This Week’s Headlines: PaidContent Acquired by GigaOm, Pinterest Creates Outcry

Never a dull moment in the social media and digital journalism worlds, is there? This week was no exception with the news that GigaOm has acquired PaidContent and that Pinterest is secretly profitting off of pins by adding affiliate links. Here’s as look at some of this week’s headlines:

4 Online Tools to Watch in 2012

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Twitter and Facebook spent much of 2011 battling for social media supremacy, while Google introduced its own social network, Google +, last summer.

Experts have a range of predictions for 2012, among them that social media will get boring (perhaps the focus will shift towards using the tools instead of reporting on them as news) and that businesses will increasingly outsource content (good news for you, freelancers!). Content curation, image-sharing, and video also appear on most social media predictions.

As we welcome the new year, here are four of the websites and apps we’ll be watching.

  1. Pinterest: Design bloggers, brides-to-be, and photo junkies have been using this image-sharing site for awhile, but it’s recently gone more mainstream with a fluffy of new users. In fact, Mashable reports that Pinterest grew from 1.2 million users last August to 4 million as of December. Users “pin” images they like to one of their themed “boards” and other users can “repin” images (similar to retweets on Twitter). Book-lovers might use Pinterest as a visual representation of books they read or want to read, while novelists might create boards for each character or setting to use as virtual inspiration boards. And some bloggers and website copywriting services are already using the site to boost their traffic by pinning an eye-catching image from each post.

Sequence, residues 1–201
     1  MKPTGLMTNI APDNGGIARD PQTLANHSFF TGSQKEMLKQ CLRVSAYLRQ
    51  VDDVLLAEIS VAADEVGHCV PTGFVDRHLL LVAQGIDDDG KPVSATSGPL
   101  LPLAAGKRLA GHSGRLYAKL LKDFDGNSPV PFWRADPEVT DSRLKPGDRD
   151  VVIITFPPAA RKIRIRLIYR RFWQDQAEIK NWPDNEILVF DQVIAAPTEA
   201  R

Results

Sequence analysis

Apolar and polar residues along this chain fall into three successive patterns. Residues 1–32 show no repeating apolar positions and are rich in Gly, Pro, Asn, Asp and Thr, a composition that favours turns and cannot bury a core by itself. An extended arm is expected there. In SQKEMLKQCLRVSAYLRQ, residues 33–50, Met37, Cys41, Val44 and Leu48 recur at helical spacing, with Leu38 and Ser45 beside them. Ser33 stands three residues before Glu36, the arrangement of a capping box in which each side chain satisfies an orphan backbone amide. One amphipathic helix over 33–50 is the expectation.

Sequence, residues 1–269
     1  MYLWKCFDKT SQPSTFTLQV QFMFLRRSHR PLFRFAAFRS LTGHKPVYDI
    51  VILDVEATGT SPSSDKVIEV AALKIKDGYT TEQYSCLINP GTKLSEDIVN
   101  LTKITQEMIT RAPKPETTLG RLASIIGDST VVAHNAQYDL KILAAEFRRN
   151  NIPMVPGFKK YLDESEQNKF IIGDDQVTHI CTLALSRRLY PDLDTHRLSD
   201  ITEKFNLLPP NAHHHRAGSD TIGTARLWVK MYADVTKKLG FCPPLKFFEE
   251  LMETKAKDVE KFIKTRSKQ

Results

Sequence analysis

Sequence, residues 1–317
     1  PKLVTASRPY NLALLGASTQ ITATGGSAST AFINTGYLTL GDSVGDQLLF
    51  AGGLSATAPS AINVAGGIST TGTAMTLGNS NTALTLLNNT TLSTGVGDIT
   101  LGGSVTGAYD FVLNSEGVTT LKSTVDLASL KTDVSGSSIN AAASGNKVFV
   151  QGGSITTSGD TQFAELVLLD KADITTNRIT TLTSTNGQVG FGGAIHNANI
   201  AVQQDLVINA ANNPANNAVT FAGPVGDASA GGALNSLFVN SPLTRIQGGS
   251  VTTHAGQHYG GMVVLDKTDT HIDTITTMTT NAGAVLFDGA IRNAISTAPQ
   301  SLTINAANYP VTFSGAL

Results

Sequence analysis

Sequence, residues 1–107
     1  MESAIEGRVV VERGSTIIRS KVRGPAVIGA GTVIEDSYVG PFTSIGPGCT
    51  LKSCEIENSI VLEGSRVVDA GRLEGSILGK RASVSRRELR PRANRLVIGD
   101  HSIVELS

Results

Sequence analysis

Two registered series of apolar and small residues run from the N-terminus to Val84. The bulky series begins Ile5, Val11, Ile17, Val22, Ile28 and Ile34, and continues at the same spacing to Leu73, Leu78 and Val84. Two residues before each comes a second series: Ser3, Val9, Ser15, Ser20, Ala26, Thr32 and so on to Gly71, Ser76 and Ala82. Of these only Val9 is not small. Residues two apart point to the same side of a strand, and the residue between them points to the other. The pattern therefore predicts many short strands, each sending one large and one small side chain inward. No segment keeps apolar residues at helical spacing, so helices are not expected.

2. Storify: This is social media curation tool went live in April 2011, allowing users to tell stories by collecting tweets, YouTube videos, Flickr photos, and other types of multimedia content in one spot. Recent stories include the Italian Economic Dilemma and New Year’s Eve at Occupy Wall Street. Users in other languages and media outlets like The Weather Channel and The Vancouver Sun are already using it, and we’ll be interested to see if it gains momentum this year.
  3. Instagram: This photo-sharing iPhone app is already wildly popular, and an Android app is in the works. We predict that similar services like PicplzPath, and Color (for 30-second videos) will continue driving interest in real-time photos as 2012 unfolds. MediaBistro’s 10,000 Words blog offered tips on how new organizations can use Instagram (or any of these photo-sharing tools, really) to crowdsource information or share breaking news while following to the principles of ethical journalism.
  4. Flipboard: This iPhone and iPad app for customized news reading was downloaded more than a million times within a week of its December launch. As mobile content heats up, apps that give readers greater control over the media they consume and how it’s displayed could help news organizations stay relevant. It’s also a way for journalists to cut through the clutter online and current in their beat. One of Flipboard’s competitors, Zite for iPhone, was described as the Pandora of News.
Writers, have you used any of these website or apps for reporting or consuming news? What would you add to this list?

Image courtesy of Ambro / FreeDigitalPhotos.net